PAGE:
Representing New Jersey consumers facing chapter 7 bankruptcy
When an individual faces overwhelming debt and a bleak financial future, they may need a way to right their financial ship. Though a person may think that there is no recovery, bankruptcy is there to help. Chapter 7 bankruptcy is the simplest form known to most. It allows a person to walk away from unsecured debts by liquidating assets. Simply put, you could get a fresh start after selling your assets that are not exempt. Many people shy away from bankruptcy because of an unjust stigma and the fear that they would lose their home. Many people are able to keep their homes and other possessions. The reality is, bankruptcy is regularly used by responsible people who have found themselves drowning in debt that was unforeseen, including medical bills, divorce costs, and more. If you need an attorney to guide you through the process of filing Chapter 7 bankruptcy, contact Underwood & Micklin for a consultation.
Before you can start filing
Before you can file for bankruptcy, you will have to become eligible. You must receive credit counseling from a U.S. Trustee approved agency within the 6 months before filing. You will also have to take a debtor education course. Once completed, you must pass the means test.
The Means Test
To be eligible for Chapter 7, you will have to compare your income to the median income for a comparable household in your county. If your income is less than the median, you may be eligible. If your income surpasses the median, you may not be eligible for Chapter 7, though there are plenty of cases where it was allowed.
Starting the process of filing for Chapter 7 bankruptcy
After consulting with an attorney, you will file a Petition for Bankruptcy and the other forms, providing the following information:
- A list of all debts
- An account of your income
- A list of all assets, including real estate and personal possessions
- Your monthly living expenses
Once you successfully file for Chapter 7, an automatic stay will go into effect. This stops creditors from contacting you about debts that you owe. They cannot contact you or pursue the debt in any way, except if they acquire a court order.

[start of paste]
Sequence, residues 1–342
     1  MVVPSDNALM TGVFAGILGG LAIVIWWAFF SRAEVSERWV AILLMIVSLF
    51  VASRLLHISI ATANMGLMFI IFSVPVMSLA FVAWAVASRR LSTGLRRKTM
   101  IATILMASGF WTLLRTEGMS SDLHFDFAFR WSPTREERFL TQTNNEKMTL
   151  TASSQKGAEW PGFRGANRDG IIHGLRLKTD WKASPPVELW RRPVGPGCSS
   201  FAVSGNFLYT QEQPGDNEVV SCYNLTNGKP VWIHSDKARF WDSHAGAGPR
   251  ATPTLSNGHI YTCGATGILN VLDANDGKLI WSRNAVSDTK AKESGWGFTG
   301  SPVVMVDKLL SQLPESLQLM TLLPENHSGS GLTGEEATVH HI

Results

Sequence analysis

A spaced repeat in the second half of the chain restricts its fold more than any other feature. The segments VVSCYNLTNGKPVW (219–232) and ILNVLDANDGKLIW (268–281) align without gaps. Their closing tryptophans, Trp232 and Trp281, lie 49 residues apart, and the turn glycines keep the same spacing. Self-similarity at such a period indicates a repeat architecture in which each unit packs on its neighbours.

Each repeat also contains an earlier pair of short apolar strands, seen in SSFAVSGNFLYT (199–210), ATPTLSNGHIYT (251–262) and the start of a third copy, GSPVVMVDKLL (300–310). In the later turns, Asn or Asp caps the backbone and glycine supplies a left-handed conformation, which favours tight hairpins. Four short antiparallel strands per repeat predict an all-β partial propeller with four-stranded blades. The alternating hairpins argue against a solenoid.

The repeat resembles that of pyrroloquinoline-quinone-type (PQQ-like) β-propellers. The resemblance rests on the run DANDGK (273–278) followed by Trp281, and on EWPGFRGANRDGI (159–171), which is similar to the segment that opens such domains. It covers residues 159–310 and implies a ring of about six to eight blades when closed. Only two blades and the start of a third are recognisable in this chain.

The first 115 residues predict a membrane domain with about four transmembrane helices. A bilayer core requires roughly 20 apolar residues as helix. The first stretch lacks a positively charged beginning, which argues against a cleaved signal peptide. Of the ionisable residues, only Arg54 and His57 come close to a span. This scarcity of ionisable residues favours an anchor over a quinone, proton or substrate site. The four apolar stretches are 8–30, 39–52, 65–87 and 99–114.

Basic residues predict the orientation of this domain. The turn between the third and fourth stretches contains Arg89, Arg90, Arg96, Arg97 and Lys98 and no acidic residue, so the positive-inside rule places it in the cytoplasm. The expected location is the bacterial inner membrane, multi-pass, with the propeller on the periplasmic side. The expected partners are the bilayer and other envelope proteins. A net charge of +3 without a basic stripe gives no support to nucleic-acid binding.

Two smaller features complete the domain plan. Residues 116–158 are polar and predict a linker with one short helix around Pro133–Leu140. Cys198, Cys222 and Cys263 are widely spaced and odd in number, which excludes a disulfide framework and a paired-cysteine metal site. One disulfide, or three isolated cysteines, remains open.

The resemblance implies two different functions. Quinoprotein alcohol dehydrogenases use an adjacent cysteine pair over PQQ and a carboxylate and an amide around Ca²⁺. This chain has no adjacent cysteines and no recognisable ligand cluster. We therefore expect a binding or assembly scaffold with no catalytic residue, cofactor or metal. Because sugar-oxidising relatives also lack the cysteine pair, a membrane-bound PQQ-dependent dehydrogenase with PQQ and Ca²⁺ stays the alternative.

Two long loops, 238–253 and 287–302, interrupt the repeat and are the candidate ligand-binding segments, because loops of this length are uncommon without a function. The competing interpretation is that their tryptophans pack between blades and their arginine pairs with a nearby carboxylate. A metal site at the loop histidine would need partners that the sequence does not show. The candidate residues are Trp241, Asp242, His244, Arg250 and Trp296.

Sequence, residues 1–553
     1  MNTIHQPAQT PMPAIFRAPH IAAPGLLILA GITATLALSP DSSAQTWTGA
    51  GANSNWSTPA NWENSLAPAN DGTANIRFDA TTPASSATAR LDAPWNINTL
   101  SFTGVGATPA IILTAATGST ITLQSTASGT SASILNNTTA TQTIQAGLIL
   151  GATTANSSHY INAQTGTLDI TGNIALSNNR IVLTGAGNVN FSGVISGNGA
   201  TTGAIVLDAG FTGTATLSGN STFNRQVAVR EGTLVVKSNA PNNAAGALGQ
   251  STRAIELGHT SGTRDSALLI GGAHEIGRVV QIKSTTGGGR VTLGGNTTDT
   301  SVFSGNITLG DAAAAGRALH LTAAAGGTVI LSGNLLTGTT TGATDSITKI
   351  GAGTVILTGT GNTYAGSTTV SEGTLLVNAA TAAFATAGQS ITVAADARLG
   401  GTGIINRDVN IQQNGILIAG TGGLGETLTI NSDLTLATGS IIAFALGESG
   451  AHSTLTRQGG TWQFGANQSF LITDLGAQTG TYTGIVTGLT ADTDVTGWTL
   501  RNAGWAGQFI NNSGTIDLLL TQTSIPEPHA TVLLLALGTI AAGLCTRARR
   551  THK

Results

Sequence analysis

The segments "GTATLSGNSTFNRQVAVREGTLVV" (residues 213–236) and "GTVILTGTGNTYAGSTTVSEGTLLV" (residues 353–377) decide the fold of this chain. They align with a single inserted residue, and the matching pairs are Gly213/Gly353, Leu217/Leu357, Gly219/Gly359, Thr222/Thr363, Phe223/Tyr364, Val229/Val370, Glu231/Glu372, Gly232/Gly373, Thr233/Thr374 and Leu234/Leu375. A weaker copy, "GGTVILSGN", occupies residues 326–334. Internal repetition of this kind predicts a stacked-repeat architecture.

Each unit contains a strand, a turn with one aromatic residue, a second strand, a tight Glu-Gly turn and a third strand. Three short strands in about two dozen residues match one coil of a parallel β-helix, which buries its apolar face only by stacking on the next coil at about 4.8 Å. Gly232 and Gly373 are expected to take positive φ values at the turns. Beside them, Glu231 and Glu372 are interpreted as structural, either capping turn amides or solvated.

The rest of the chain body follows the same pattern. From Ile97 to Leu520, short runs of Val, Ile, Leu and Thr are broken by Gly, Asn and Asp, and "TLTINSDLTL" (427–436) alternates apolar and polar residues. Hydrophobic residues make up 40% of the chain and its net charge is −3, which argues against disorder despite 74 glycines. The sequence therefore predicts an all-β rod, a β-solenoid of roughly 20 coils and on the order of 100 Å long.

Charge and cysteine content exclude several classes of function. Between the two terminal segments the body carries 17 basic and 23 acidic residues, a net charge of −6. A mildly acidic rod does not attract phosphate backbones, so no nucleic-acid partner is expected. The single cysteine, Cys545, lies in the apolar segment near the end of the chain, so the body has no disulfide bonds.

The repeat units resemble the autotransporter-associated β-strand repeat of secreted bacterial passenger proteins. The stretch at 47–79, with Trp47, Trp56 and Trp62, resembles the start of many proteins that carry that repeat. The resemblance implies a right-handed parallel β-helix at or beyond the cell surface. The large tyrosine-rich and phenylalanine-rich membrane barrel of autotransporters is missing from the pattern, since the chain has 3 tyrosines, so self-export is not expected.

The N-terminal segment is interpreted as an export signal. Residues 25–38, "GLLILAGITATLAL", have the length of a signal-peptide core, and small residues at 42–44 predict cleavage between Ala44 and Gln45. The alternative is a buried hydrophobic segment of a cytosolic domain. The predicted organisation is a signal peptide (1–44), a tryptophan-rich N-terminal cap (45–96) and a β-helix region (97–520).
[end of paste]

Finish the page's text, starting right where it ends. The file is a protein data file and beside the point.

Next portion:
Once you successfully file for bankruptcy and the automatic stay is put in place, your assets will be put into the hands of a court-appointed agent called a bankruptcy trustee. This person will make the important decisions. They will assign a value to your property and use your assets to pay as much of the debt as possible.
The Meeting of Creditors
The Meeting of Creditors, also called a 341(a) hearing, is where you and your attorney, the creditors that wish to attend, and the trustee will discuss the bankruptcy. They will discuss your financial situation and establish a clear picture of the matter for all involved, allowing creditors to collect information to support a rejection of the case. This is often your only visit to a courthouse.
The discharging of debts
If you are successful, most debts will be discharged. You can walk away with only the impact to your credit score. This is not the end of the road. With the right financial planning, you should be able to fully recover and even gain credit in the future. There are some debts that cannot be discharged, including student loans, child support, and most tax debts.
Contact a Cherry Hill, NJ bankruptcy attorney
If you believe that your financial situation calls for bankruptcy, it is important to discuss this matter with an effective and experienced attorney. Underwood & Micklin provides quality legal services to clients in New Jersey who need a helping hand through tough times. If you need to file for Chapter 7 bankruptcy, contact Underwood & Micklin for a consultation today.